How to Safely Transplant a Cactus

Repotting a Cactus Without Touching the Spines

Cactus plant transplanted into clay pot with fresh soil

The Spruce / Jayme Burrows

In This Article
Project Overview
  • Total Time: 15 mins
  • Skill Level: Beginner

Cacti are low-maintenance houseplants that rarely require repotting, but it's important to replant your cactus correctly and safely when it becomes rootbound. Once roots start protruding through the drainage holes at the bottom of the pot or the plant appears to have outgrown its space, it is time to transplant your cactus. Since they are slow-growing, cacti typically only require transplanting every 3-4 years, or every 2-3 years for faster-growing varieties.

Many cacti varieties are adorned with sharp spines that act as protection for the plant. This also makes transplanting cacti a difficult, sometimes dangerous task. One of the best ways to replant a mature cactus or a cactus pup safely is to use rolled up towel or folded newspaper. It's also a good idea to invest in a pair of thick protective gardening gloves. Avoid gardening gloves that are made of fabric rather than thick canvas or leather, as cacti spines can easily penetrate most fabrics.

It's best to repot a cactus in the early to mid-spring when the plant has entered its active growing period. This will ensure that the cactus has the energy to recover from being handled and acclimate to its new environment.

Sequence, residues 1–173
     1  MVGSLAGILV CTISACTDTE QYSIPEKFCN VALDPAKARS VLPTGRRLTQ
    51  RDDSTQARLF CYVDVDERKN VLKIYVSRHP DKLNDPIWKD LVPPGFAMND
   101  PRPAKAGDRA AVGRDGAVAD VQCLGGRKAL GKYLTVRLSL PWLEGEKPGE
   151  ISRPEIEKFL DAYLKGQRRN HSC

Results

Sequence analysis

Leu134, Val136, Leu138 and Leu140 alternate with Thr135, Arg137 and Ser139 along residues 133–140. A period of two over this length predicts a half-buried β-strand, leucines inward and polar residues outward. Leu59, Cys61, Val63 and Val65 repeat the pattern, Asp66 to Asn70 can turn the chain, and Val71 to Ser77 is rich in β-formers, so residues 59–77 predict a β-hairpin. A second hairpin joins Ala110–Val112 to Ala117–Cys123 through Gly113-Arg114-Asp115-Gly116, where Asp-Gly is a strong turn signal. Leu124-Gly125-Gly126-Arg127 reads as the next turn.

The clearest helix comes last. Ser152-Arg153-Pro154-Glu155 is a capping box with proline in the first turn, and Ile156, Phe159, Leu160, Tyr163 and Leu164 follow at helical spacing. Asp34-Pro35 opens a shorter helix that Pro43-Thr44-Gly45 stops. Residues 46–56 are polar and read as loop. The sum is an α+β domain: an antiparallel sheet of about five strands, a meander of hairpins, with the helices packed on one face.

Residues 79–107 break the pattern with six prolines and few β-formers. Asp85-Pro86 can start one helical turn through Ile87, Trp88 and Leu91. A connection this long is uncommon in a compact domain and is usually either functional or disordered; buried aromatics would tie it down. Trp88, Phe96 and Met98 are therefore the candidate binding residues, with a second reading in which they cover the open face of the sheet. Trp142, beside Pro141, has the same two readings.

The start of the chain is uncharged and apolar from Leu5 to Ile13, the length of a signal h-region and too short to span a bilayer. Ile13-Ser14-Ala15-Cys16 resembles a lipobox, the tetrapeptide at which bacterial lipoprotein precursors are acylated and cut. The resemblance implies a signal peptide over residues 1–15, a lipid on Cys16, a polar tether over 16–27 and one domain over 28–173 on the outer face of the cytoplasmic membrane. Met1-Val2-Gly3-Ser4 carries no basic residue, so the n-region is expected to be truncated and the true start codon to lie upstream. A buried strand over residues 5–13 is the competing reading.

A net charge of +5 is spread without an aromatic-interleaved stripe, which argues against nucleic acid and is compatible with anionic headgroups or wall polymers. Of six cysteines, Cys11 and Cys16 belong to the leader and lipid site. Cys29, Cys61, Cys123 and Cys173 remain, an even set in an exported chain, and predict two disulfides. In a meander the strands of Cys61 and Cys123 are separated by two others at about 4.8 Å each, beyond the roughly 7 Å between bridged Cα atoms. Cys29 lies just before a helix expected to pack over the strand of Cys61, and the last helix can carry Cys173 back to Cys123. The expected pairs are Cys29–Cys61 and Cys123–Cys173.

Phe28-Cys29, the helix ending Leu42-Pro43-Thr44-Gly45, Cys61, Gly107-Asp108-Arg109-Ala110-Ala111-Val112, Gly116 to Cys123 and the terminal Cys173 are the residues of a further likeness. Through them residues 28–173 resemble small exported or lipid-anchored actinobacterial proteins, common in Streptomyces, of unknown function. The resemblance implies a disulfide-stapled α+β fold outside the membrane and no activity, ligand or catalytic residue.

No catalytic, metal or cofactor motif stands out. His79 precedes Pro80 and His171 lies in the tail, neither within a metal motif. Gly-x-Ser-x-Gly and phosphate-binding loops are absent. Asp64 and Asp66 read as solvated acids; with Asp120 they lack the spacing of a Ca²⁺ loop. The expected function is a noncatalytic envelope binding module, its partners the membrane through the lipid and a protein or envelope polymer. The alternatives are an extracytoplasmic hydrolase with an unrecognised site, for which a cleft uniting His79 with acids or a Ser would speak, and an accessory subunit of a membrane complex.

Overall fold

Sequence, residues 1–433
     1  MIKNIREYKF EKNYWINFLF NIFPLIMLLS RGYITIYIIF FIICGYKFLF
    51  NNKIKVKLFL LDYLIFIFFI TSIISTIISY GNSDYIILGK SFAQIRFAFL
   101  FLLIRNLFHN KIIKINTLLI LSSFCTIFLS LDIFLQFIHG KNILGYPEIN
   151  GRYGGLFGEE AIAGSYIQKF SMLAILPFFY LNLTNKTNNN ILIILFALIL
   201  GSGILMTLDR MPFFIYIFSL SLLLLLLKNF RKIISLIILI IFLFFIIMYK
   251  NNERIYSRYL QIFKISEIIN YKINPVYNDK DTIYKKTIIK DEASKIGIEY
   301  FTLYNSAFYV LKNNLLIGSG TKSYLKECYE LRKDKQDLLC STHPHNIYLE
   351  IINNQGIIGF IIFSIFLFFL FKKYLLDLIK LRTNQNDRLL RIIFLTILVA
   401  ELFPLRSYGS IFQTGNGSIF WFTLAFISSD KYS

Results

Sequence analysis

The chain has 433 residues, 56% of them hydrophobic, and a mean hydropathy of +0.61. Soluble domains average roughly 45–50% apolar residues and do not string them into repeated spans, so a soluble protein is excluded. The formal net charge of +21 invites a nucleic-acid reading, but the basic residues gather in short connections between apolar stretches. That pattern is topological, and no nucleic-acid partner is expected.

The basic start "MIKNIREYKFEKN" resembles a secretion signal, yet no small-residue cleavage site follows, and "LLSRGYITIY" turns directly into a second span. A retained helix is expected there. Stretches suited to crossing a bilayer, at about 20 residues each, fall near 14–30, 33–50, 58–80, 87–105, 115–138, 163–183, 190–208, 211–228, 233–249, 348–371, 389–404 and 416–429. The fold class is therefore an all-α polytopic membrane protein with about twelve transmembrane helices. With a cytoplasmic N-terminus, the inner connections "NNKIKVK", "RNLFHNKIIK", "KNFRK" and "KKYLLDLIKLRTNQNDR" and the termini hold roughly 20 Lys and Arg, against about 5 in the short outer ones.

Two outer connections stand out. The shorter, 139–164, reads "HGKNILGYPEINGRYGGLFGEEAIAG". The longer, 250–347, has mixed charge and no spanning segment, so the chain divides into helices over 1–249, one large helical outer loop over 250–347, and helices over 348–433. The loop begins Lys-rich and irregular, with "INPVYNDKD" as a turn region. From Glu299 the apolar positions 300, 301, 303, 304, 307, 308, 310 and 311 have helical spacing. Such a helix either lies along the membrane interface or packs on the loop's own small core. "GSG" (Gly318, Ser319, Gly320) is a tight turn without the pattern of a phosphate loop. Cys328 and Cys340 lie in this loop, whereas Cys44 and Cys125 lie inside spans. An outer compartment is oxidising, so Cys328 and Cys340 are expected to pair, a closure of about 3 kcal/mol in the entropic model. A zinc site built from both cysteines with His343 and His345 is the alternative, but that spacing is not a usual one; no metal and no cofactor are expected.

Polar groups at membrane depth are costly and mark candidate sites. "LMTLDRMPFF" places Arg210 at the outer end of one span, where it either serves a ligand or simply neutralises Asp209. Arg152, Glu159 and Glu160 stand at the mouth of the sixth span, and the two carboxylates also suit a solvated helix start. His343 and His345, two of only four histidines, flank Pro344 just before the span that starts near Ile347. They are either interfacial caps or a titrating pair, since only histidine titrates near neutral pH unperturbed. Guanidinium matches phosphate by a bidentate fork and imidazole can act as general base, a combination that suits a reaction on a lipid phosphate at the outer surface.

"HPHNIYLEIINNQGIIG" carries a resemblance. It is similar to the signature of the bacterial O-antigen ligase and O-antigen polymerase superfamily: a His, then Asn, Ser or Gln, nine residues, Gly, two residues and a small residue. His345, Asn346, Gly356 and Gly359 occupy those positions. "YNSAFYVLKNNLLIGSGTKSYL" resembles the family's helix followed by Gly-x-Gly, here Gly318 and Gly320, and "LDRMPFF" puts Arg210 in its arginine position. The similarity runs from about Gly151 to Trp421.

Most cacti have barbed spikes, which makes them painful and difficult to remove from the skin if they come into contact. Wear protective equipment like thick gardening gloves and long-sleeved clothes while transplanting a cactus to avoid getting poked.

What You'll Need

Equipment / Tools

  • Protective gloves
  • Newspaper
  • Rolled up towel


  • Cactus/succulent soil mix
  • Potting container


  1. Prepare Your Tools and Supplies

    The tools required for transplanting a cactus depend on the size and spikiness of the plant. For example, when transplanting smaller cacti, towels and/or newspapers may not be necessary whereas larger cacti may require a full arsenal of protective equipment.

    Regardless of the size, wearing thick, protective gloves is always recommended when handling cacti.

    Small cacti and succulent plants next to tipped over clay pot with soil coming out, metal tongs and garden gloves

    The Spruce / Jayme Burrows

  2. Remove the Cactus from the Old Pot

    Loosen the soil around the edges of the pot with a dull knife or trowel if necessary. If needed, you can wrap the cactus in several layers of newspaper to make it easier to grab, or you can use the towel to handle the cactus. Gently wiggle the root ball out of the old pot and lay the cactus flat on your working area.

    If you're replanting a cactus pup without roots, you can simply cut this section off the plant with clean, sharp gardening shears. For a tall cactus, it's best to recruit a friend to help you lift the cactus safely while both people wear thick gloves.

    Cactus plant pulled out of clay pot with metal tongs

    The Spruce / Jayme Burrows

  3. Loosen the Root Ball & Discard the Old Soil

    Once the cactus has been removed from its old pot, the root ball should be loosened and the old soil discarded. Depending on how root-bound the plant is, this can sometimes be a delicate process. Take it slow and be careful not to break too many roots.